float fx = 0; float fy = 0; int count; int resolution = 18; void setup() { background(0); size(500, 500); loadPixels(); color c; for (int i = 0; i < pixels.length; i++) { float startcx = 3.0 * (float(i % width) / width) - 2; //This provides a virtual x window from -2 to 1. float startcy = 3.0 * (float(floor(float(i)/width))/height) - 1.5; //This provides a virtual y window of -1.5 to 1.5. float mandelvalue = mandel(startcx,startcy); if (mandelvalue < 2) c = color(0); else c = color(255); pixels[i] = c; } updatePixels(); } void draw() { } float mandel(float startcx, float startcy) { float xm = 0; float ym = 0; count = 0; fx = 0; fy = 0; while ((count < resolution) && (fx*fx+fy*fy < 4)) { func(xm,ym,startcx,startcy); xm = fx; ym = fy; count++; } return sqrt(fx*fx + fy*fy); } void func(float x, float y, float startcx, float startcy) { // this squares the complex number x+yi, and then adds the constant fx = x*x - y*y + startcx; fy = 2*x*y + startcy; }]]>

I decided to experiment with the rules of the game to see where it’d go.

What happens when you bring in a random amount of error based on the distance traveled? Can you predict the result? The further the distance, the more error in the calculation.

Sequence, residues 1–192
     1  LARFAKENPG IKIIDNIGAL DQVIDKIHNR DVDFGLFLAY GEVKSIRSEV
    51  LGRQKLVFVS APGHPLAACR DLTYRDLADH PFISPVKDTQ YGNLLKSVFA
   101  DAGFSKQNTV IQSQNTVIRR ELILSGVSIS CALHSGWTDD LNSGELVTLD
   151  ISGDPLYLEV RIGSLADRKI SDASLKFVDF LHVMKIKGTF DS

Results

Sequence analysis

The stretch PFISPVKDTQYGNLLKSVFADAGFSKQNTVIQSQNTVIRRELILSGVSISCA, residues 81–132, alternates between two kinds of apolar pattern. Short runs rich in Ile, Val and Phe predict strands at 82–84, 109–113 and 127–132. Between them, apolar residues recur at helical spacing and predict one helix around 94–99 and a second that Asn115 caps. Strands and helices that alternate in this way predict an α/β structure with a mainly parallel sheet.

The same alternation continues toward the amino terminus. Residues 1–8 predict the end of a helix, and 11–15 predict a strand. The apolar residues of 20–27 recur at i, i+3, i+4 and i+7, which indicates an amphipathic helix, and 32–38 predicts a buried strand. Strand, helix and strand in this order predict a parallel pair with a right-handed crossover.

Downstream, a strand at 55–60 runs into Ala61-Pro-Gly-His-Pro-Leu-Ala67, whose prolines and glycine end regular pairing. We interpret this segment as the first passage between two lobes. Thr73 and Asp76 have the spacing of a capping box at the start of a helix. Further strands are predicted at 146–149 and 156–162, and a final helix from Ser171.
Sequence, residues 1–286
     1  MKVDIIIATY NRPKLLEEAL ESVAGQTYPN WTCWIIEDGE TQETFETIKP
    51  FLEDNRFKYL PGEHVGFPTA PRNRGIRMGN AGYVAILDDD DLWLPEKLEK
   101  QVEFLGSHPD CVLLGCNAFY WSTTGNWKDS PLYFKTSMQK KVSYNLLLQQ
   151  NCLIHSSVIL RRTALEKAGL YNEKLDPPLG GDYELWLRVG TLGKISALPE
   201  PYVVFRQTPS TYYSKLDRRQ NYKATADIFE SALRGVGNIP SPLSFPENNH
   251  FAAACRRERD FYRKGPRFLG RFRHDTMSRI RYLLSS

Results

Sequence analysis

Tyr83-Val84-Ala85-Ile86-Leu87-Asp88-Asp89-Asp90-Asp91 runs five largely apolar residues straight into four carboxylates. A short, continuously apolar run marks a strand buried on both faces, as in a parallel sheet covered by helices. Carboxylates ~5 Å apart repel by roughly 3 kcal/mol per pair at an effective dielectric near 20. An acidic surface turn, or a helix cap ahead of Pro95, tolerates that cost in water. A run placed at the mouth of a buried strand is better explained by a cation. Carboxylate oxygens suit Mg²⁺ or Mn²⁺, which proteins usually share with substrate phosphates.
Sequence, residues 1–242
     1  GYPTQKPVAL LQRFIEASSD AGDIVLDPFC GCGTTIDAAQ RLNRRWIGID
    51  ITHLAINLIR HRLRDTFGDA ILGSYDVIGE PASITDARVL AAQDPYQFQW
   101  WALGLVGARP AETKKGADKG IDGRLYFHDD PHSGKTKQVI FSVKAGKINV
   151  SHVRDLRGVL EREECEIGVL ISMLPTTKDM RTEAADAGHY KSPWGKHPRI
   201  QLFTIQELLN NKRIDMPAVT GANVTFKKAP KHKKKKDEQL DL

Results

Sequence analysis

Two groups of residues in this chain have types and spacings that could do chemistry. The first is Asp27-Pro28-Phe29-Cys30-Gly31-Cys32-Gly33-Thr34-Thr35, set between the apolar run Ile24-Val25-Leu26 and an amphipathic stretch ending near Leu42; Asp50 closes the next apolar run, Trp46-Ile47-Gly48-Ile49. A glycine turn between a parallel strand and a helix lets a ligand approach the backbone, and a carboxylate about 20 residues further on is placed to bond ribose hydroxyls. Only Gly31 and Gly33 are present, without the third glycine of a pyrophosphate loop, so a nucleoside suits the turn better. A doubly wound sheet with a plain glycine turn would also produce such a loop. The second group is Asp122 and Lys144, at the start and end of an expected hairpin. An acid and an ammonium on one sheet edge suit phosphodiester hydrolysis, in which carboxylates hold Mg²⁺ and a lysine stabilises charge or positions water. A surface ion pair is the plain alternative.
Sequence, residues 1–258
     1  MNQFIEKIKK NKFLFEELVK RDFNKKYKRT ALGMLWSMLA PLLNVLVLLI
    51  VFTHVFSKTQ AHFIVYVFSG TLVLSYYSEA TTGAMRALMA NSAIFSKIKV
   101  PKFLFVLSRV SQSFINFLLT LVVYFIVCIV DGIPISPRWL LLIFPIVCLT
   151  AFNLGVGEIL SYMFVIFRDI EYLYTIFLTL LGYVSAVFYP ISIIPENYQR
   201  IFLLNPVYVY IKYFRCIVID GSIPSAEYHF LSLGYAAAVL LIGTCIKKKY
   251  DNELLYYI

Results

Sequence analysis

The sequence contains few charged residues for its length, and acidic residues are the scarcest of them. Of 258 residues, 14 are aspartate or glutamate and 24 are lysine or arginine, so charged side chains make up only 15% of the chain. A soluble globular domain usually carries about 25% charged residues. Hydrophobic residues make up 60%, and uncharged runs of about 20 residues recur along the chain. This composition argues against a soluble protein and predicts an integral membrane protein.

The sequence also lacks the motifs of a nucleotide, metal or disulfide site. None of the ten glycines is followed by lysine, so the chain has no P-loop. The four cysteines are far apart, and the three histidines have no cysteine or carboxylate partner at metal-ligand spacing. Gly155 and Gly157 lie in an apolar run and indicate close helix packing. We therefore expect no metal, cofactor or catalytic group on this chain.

What happens when you use a weighted die? Can you tell which vertex is being chosen more often than the others?

By this time, I was getting frustrated at using different processing files just because I wanted to change the number of vertices. I had originally “cheated” to find the coordinates of each point by using a website to calculate the rectangular coordinates of a hexagon. I knew there must be an easier way, but last summer I was more focused on the creation of the images. I figured it out this time.

Here’s the code:

//create points float h1 = random(0.95); for (float theta = 0; theta < TWO_PI; theta += TWO_PI / numOfPoints) { //graph the points using polar form (rotate theta), then convert back to rectangular int xposition = int(radius * cos(theta))+width/2; //Add half width to move to 1st quad int yposition = int(radius * sin(theta))+width/2; h1 = h1 + 0.618033988749895; //Golden ratio!! h1 = h1 % 1; color c = color(h1,0.8,0.95); sp.add(new Spoint(xposition,yposition,c)); }

For those who are code-adverse, instead of trying to calculate the rectangular coordinates of a regular n-gon directly, I calculate the polar coordinates and then convert back to rectangular. Duh! Notice the theta going from 0 to TWO_PI, and going up by (TWO_PI / numOfPoints), and then going back to rectangular by using x = r*cos (theta) and y = r*sin(theta).